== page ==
When talking about passion, let’s start with this: Passion can’t be faked. That’s because passion creates a genuine commitment to what we’re doing. It’s the energy source that drives the unrelenting pursuit of our work and obtaining the results we want to achieve. Passion is long term. Passion comes from within us.
Unfortunately, passion is often confused with enthusiasm, even though the two are very different. Enthusiasm, unlike passion, is an emotional attachment that may or may not be long lived. Enthusiasm can be fickle. Enthusiasm can also be faked. We’ve all seen it used as the excuse for justifying rude or intolerant behavior and other self-centered excesses, as much in the executive suite as outside it. So the focus of this tip is not enthusiasm, but genuine passion.
The most important thing about passion for your executive presence is that you identify what yours consists of and then focus on it. Is it about winning, leading, getting results, helping others, creating an empire, building a business, being a knowledge expert, coaching, mentoring, teaching, or pursuing excellence? Whatever it is (and it’s usually a combination of a very small number of things), it is critical that you identify it and understand it. Once you do you can focus on how to best satisfy it.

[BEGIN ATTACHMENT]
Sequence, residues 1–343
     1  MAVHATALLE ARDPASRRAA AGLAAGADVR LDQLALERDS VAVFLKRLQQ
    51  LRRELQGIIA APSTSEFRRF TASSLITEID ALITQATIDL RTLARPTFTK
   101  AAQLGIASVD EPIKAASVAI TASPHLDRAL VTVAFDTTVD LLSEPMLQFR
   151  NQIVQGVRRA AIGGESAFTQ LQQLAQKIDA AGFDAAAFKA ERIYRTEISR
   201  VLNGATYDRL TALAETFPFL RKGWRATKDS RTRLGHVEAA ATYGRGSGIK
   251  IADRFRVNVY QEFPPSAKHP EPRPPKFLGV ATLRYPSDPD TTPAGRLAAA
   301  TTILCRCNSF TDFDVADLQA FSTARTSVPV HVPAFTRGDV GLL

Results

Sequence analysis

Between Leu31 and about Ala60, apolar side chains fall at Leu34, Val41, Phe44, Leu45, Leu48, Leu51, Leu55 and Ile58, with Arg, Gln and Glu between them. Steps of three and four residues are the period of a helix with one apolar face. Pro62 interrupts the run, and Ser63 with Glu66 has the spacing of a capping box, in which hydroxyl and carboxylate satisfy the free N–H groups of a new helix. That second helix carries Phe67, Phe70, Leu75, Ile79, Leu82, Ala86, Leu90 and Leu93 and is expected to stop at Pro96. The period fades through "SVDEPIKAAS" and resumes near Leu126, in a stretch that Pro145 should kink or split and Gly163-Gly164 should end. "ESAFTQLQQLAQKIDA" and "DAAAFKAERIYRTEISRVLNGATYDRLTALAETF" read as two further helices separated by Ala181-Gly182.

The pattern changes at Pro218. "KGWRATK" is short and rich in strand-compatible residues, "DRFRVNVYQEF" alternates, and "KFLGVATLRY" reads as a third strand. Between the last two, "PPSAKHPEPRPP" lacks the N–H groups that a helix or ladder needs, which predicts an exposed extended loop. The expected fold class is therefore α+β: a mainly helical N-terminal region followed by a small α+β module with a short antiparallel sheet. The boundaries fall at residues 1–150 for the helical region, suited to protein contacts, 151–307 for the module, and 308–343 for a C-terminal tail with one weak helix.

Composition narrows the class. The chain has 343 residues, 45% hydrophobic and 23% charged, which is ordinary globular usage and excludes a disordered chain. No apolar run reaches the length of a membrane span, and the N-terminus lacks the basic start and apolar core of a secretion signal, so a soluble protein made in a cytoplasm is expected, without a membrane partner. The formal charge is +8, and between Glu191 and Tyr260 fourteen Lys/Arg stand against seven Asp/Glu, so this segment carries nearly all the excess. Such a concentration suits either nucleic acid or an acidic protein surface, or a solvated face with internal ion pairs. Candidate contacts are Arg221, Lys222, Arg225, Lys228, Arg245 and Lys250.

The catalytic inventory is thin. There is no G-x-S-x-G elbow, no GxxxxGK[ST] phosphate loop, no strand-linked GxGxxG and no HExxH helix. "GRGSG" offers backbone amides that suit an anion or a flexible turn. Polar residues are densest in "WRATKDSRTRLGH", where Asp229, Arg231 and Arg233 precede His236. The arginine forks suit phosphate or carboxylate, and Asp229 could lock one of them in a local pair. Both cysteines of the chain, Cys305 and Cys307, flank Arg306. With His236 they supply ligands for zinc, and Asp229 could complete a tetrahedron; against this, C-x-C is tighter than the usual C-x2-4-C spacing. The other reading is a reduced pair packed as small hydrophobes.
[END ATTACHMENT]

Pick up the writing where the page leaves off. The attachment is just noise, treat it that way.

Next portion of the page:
You don’t have to look far to see that genuine passion is critical to the very best executive presence. Jack Welch, for example, was passionate about winning when he led GE, and everyone knew it. His successor, Jeff Imelt, projects that passion as well. The late Peter Jennings was passionate about knowledge and the news when he was with ABC, and it always came through in his broadcasts. We all know leaders who are passionate. We can feel it when we’re with them, and some of it almost always rubs off on us.
I’m sometimes asked if you can have really good executive presence without passion. My answer is I doubt it. I’ve never seen it. That’s not to say you can’t have very good interpersonal presence and be quite engaging, but you will not exude the committed leadership that genuine passion produces.
The reason passion is so important to executive presence is that good executive presence involves more than surface behavior. Although executive presence does not exist without surface expression (by definition its expressive dimensions must be projected), executive presence is also greatly affected by our emotional states. Passion is the emotional energy that enables us to project the commitment to what we do and the sincere desire to do it that helps get others energized and on board.
At the same time, passion must be disciplined, since it can cause us to be impatient with others, too demanding, and too frustrated with the inevitable obstacles to our success. This, however, is a problem that good executive presence development can deal with. The absence of passion is not.
The moral of the story? If you want to develop excellent executive presence, examine why and what you want to accomplish with it, and then find the sparks within you igniting the passion that will give your journey real commitment. Others will immediately feel it and will naturally engage with you because of it.